As you will see from the below-discussed cases, when Customs fails to make such seizure of infringing merchandise by the end of the 30 day period, the courts have allowed use of the deemed exclusion and protest procedure, notwithstanding the exclusionary language of 19 C.F.R. §151.16.  In April 2012, Customs enacted an interim regulation providing for a 30 day detention period for articles with counterfeit marks, which may be extended for up to 30 days for good cause shown by the importer.  If goods are not released within this period, there is a deemed exclusion for the purposes of allowing a protest.  Thus, for counterfeit goods at least, the deemed exclusion is now explicit in the regulations. 

CIT Jurisdiction Issues

  1. Seizure Before Summons

Confusion may arise in certain situations whereby Customs fails to make a decision within the 30 day period of detention (and thus a “deemed exclusion” has taken place) but then Customs decides to move ahead and seize the goods.  Such seizures are normally subject to judicial review not in the Court of International Trade, but in the district courts.  What if an importer has already filed a protest and is anticipating having its day in Court, but then gets a seizure notice from Customs?  The answer to this question is not obvious.  However, there have been a number of court decisions discussing this and related issues, from which some general guidelines may be gleaned.     

R.J.F. Fabrics, Inc. v. U.S., 10 CIT 735 (1986) was a case in which the entry papers for the goods stated they originated in Japan, but Customs suspected that they originated in Korea and that the importer was attempting to skirt the quota/visa requirements.  Customs first excluded the goods, then a month later seized them.  The importer then protested and brought an action seeking the release of the goods.  The case was decided before the law allowed for deemed exclusion.  The CIT decided that the mere possibility of future proceedings in other courts did not deprive the Court of jurisdiction, that the matter had been properly protested, and noted that even if it had not been, there was jurisdiction in the CIT as the matter arose out of a quantitative restriction on imported goods.  Thus, early on, the CIT appeared to be making a strong statement that it would take jurisdiction over cases involving goods not allowed into the U.S. because of a violation of the customs laws.  However, later cases somewhat undermined this development.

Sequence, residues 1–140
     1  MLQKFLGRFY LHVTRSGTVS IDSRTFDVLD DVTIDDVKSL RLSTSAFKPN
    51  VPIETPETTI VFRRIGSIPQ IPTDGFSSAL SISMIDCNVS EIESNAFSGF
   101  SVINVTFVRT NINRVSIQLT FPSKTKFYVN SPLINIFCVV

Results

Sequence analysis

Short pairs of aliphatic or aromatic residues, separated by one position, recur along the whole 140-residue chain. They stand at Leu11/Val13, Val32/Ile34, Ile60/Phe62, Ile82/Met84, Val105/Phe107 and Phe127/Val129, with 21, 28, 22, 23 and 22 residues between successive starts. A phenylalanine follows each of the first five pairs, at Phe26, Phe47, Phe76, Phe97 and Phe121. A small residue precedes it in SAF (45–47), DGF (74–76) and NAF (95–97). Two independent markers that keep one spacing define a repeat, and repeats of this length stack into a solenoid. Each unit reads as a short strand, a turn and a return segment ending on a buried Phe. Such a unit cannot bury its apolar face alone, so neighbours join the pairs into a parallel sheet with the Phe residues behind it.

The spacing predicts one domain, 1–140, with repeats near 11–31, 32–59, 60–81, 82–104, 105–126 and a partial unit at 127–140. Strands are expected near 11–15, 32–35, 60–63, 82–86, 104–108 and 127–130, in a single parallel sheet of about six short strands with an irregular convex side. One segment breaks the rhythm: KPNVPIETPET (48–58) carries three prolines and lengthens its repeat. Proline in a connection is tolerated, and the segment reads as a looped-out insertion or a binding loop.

In International Maven, Inc. v. United States, 12 CIT 55 (1988), the imported goods were alleged to be counterfeit.  Customs seized the goods and the importer filed a protest challenging the seizure (rather than the exclusion).  The protest was denied and the importer then filed suit in the CIT.  The Court applied four factors to decide that there had not been a protestable exclusion:  that the protest challenged an exclusion rather than a seizure; that the plaintiff received notice of seizure, that the government had control over the merchandise; and that upon notice, the plaintiff was required to choose between forfeiture or petition relief.  Thus, there was nothing that could be characterized as an exclusion, as the goods were seized at the time of attempted entry.  The Court held that while it had jurisdiction over actions related to the exclusion of merchandise subject to trademark protection, because the matter was a seizure and not an exclusion and the protest expressly challenged the seizure, the district courts, rather than the CIT, had jurisdiction. 

Milin Industries, Inc. v. U.S., 12 CIT 658 (1988) involved a possible quota violation.  Customs held the articles  and refused to issue a permit.  Customs then seized the articles, claiming that the merchandise was misdescribed on the invoice and was classifiable under a provision for which it did not have the required visas.  The government argued that this was a seizure over which the CIT had no jurisdiction.  The law did not yet provide for deemed exclusion.  However, the CIT construed the delay as an exclusion, which was subject to protest, and further held that the subject matter, i.e. the classification of goods, was something over which the CIT was intended to have jurisdiction.  Thus, the case remained with the CIT.